In Kentucky with Hankins, he had met Scruggs, a banjo fireball who was less than four years older than Graves but, with Flatt, already had left Bill Monroe’s Blue Grass Boys to become a headliner. Under Scruggs’ tutelage, Graves had learned to play in revolutionary fashion.
“I’d watch him,” he says of Scruggs. “He said, ‘What’re you lookin’ at?’ I said, ‘I was watchin’ your fingers, how you do that with them picks.’ He said, ‘You can’t use three?’ I said, ‘No.’ So he started me off like this.”
He drums his right thumb, index finger and middle finger in succession, over and over, on the kitchen table.
“Then he’d do it backwards,” he continues, drumming the fingers again in reverse order. “He taught me and [noted banjo player] J.D. Crowe at the same time.”
Having heard Graves was good, Stoney Cooper ended up offering him $50 a week, and Graves went to Wheeling and then on to Richmond, Virginia, with the husband-and-wife team. He backed them for “three or four years” in what he remembers as “good experience,” but he says working for married partners was difficult: “You can’t please” both.
In search of greener pastures, he found that another rising singer, Mac Wiseman, had moved into the same Richmond trailer park, and Wiseman offered him $75.
That, too, though, turned out to have a downside.
“We’re the best of friends now, but he run off and left me in Boston one time without a penny,” he remembers. “The old Uncle always bounced back, though. I got home.”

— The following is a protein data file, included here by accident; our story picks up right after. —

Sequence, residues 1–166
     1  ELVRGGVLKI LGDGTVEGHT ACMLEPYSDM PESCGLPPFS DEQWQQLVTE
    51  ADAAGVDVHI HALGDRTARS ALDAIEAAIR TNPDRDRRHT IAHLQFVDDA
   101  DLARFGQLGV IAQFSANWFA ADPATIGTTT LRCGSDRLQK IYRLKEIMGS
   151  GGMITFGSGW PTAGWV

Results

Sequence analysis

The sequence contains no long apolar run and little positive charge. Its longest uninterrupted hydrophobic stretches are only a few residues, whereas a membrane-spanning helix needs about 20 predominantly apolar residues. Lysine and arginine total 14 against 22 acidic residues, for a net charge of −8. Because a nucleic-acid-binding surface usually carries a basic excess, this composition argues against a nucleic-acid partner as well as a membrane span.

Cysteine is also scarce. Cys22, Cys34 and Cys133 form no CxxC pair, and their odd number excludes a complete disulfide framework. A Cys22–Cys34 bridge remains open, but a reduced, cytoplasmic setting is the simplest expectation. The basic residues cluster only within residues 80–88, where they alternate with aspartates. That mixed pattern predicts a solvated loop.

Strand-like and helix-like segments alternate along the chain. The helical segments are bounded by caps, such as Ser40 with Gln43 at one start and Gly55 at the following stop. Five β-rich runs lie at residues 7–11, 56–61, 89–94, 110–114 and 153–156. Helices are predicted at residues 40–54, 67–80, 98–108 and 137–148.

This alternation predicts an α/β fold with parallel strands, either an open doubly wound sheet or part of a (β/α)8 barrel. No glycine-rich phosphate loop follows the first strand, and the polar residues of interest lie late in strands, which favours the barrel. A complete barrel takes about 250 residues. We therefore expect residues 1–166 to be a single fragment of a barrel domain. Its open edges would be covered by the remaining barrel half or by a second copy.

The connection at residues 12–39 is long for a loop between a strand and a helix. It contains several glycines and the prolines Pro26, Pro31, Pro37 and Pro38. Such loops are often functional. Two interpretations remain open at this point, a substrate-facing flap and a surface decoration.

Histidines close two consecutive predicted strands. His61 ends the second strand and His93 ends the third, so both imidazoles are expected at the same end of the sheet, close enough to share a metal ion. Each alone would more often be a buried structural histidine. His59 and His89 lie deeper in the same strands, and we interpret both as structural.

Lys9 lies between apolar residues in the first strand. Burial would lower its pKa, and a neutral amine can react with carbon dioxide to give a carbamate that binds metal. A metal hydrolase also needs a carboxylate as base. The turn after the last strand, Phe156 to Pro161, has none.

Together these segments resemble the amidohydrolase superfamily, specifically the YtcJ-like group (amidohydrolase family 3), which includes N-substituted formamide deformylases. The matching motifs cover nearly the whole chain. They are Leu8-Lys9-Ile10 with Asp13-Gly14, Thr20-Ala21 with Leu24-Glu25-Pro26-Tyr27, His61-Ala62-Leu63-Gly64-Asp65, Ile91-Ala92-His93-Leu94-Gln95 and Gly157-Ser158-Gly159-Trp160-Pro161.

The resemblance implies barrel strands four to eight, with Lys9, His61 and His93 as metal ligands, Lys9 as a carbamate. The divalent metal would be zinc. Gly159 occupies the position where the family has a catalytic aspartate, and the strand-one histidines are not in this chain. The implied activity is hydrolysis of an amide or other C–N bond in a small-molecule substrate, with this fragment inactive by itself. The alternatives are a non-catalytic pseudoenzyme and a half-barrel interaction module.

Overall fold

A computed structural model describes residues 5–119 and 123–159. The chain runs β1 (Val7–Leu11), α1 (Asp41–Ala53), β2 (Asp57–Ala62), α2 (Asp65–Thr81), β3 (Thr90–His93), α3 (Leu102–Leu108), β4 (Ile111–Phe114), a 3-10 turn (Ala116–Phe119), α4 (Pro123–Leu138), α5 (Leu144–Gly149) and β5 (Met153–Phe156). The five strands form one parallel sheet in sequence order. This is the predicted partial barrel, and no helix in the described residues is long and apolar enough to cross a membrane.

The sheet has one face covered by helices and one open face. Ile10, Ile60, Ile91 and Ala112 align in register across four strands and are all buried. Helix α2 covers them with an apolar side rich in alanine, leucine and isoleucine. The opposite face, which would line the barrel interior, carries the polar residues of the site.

In 1955, a half-dozen years after his first lesson from Scruggs, he got a call from his picking mentor, who asked if he’d be interested in a job with Flatt & Scruggs — playing bass.
“Mac was doing a tour through Canada, coming back to Bean Blossom [Indiana, Bill Monroe's home stage] and then into Nashville to record, and he didn’t know where I was going,” he recalls. “But the old Tulane Hotel here in Nashville was where I was coming to. I sold the [band] uniforms I had to the boys in the group and sent Evelyn $70 back to Richmond.
“When we got to the Pepper Pot [restaurant] across from the Tulane, Mac said, ‘Get that bass and put it inside.’ I said, ‘You put the thing in there yourself. Yesterday was my last day.’ Well, Wilma Lee & Stoney were there. I had stopped to see them in Niagara, New York, comin’ down, and they wanted me back and offered me 110 bucks. But I had that shot with Flatt & Scruggs, and I wasn’t gonna turn it down.”
He was supposed to meet his new employers at 2 p.m. that day to leave for their first trial date, a schoolhouse gig about 70 miles east of Nashville at little Silver Point. Wiseman, the Coopers and Graves were all in the Pepper Pot when a Lincoln pulled up out front. On its side was written “Lester Flatt & Earl Scruggs, Sponsored By Martha White Flour.”
“Stoney said, ‘I shoulda known! You’re goin’ to work with Flatt & Scruggs!’ I said, ‘I’m sure gonna try,’ and I waved at Mac when I left. I had $35 in my pocket, but I was a happy little bastard.”
Thus began the glory days, a run that took the Foggies to Carnegie Hall and many another vaunted venue. Scruggs’ banjo became a pop phenomenon playing the theme song of “The Beverly Hillbillies” TV series as well as “Foggy Mountain Breakdown”, the dominant soundtrack tune of the prominent movie Bonnie & Clyde. In the process, the world was reintroduced to the dobro, which had fallen into disuse with the rise of the electric pedal steel.